Blog Posts on Energy Market
For several months, the German power exchange prices have been moving in only one direction: straight up. In an interview with our electricity trader Jan Egidi, we take a closer look at this development and talk about the implications of this trend for the German renewables industry.
We need more flexibility in the electricity grid, in the electricity market, in the entire electricity system. One can hear these demands repeatedly in connection with the energy transition. This is because an increase in the share of wind and solar in the electricity mix, which generate electricity in a volatile manner and can only be controlled to a limited extent, poses new challenges for the electricity grid.
How Does Emissions Trading Work? Definition The European Union Emissions Trading Scheme, also known as ETS or EU-ETS, is an instrument for reducing greenhouse gas emissions at the lowest possible economic cost. Adopted by the European Parliament and the Council of the EU in 2003, it came into force on January 1, 2005. As of More…
Anyone who wants to aggregate decentralized plants in a Virtual Power Plant is confronted with a whole range of questions during the planning phase: Which business cases are feasible in the regulatory context of my country - and which ones make economic sense in this market environment? How can I connect the technical units in my Virtual Power Plant and which solutions meet the technical requirements of the grid operator? We compiled the top 10 questions each aggregator-to-be need to find an answer for.
Since the beginning of the corona crisis, negative power prices have become quite common for electricity traders: In this blog, we explain how negative electricity prices develop and what is positive about them.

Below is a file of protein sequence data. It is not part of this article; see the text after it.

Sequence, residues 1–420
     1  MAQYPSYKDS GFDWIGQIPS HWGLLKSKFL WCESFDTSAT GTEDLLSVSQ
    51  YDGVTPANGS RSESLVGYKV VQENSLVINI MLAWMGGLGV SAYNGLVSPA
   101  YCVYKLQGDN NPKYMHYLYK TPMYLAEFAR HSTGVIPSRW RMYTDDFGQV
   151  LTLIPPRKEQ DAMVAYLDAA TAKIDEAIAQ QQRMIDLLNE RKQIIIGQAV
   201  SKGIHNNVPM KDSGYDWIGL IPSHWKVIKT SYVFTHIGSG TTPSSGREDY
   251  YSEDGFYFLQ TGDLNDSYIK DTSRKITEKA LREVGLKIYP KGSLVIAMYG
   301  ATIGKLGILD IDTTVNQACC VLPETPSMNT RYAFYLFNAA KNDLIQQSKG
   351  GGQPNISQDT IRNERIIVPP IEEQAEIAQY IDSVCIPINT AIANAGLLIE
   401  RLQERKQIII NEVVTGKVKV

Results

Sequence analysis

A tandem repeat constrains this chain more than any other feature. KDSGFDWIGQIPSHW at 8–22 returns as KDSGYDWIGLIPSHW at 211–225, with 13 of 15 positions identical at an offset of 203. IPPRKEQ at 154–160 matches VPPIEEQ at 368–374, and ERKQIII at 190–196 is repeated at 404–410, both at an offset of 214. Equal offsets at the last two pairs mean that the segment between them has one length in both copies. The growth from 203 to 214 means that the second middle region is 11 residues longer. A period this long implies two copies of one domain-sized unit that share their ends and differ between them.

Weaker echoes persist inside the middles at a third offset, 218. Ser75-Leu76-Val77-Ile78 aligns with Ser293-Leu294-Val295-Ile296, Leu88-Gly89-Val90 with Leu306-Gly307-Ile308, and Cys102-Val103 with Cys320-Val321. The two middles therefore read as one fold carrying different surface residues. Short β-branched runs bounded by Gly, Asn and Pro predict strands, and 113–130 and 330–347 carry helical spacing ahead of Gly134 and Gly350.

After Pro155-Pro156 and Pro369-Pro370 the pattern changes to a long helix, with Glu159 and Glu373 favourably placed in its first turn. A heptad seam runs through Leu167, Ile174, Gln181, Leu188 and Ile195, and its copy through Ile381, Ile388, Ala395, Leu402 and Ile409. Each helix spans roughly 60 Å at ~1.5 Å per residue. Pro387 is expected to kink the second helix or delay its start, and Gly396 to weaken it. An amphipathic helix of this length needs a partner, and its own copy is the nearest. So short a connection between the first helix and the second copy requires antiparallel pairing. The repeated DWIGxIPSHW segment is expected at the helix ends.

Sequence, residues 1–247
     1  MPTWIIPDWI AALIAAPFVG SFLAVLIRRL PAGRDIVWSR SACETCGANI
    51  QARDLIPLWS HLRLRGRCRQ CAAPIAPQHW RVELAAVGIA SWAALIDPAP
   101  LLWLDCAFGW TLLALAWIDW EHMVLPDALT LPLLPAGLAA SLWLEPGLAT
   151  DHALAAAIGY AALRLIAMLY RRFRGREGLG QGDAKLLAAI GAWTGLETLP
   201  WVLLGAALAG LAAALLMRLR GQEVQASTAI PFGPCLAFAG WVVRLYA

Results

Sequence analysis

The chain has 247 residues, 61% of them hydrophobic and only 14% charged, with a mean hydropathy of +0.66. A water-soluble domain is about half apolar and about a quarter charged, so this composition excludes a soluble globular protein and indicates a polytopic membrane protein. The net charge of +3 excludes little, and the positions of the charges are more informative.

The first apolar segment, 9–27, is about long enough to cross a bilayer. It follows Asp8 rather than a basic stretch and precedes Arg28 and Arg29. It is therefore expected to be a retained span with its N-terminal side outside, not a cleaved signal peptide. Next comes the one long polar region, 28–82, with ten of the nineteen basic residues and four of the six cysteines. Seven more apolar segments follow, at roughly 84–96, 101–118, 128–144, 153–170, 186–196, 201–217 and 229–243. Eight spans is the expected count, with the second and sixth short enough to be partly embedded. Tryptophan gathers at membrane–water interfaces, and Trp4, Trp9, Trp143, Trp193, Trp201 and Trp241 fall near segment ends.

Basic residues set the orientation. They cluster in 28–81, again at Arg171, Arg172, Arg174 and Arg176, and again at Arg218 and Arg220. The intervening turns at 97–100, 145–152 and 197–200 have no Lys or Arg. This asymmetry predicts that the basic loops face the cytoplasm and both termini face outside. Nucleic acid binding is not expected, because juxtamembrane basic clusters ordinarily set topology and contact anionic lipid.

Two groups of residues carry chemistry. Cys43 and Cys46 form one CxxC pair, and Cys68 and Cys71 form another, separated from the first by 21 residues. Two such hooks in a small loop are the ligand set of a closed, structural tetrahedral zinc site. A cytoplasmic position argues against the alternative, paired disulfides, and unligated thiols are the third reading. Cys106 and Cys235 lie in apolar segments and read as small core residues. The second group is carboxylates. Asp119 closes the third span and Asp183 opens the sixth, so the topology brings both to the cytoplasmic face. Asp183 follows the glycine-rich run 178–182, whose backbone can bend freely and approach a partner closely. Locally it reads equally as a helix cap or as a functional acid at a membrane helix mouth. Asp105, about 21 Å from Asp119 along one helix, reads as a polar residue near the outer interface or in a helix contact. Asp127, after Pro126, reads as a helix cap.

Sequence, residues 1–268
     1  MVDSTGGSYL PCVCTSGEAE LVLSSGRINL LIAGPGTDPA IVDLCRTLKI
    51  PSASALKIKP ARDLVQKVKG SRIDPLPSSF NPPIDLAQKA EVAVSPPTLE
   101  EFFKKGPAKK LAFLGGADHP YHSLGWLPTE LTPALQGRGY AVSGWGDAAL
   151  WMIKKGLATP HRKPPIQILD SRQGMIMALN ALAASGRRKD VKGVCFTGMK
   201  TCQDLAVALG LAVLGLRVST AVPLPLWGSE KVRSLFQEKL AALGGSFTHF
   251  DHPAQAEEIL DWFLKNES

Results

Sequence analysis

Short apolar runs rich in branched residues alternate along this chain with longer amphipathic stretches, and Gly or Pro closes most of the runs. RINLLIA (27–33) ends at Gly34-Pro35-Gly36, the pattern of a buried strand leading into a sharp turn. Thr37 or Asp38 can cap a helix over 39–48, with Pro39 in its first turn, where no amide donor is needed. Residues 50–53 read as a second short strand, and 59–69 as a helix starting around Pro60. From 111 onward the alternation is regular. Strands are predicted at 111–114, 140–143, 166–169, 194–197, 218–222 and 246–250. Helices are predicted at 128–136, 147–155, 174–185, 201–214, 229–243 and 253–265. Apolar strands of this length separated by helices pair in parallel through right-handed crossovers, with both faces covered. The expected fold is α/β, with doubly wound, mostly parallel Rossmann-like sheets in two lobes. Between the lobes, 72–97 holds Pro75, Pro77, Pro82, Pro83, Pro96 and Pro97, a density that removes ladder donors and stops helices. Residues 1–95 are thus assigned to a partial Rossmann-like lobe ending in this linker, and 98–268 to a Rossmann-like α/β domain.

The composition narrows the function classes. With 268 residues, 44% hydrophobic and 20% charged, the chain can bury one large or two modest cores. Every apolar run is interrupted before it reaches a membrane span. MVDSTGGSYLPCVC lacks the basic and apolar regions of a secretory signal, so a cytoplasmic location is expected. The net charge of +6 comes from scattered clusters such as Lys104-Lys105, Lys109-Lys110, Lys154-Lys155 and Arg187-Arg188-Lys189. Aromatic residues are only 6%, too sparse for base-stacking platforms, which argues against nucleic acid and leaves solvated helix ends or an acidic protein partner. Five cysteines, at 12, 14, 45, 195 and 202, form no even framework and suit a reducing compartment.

The COVID-19 pandemic shakes up the world - but the power grid in Europe remains stable. What ensures this stability and how do the electricity markets in Germany and Europe react to the situation?
For weeks now, Germany and its European neighbors have had a peak season for wind power. The winter storms Sabine (also known as Ciara or Elsa), Victoria (known as Dennis in UK) and Yulia brought new records - most recently the unprecedented peak value of 46.2 gigawatts (GW). Renewables accounted for 69 percent of net electricity production in the third week of February, with wind accounting for 55 percent. Never before has so much wind power been fed into the German power grid. Are these figures the result of extreme weather conditions, which simply brought us an extraordinary number of storms this winter, or is there a general trend here? And how does the German energy system actually cope with these record values?
Everyone is talking about the transformation of the energy system. But what exactly does this transformation involve?
How will the market value of electricity from photovoltaics develop over the next few years? In our blog we explain the results of a fundamental study by r2b energy consulting on the market value of photovoltaics in the coming years.
The journey to the world's electricity markets continues: This time Felix Jedamzik and Tobias Romberg from our Business Development team were on the road in Thailand and report on their impressions.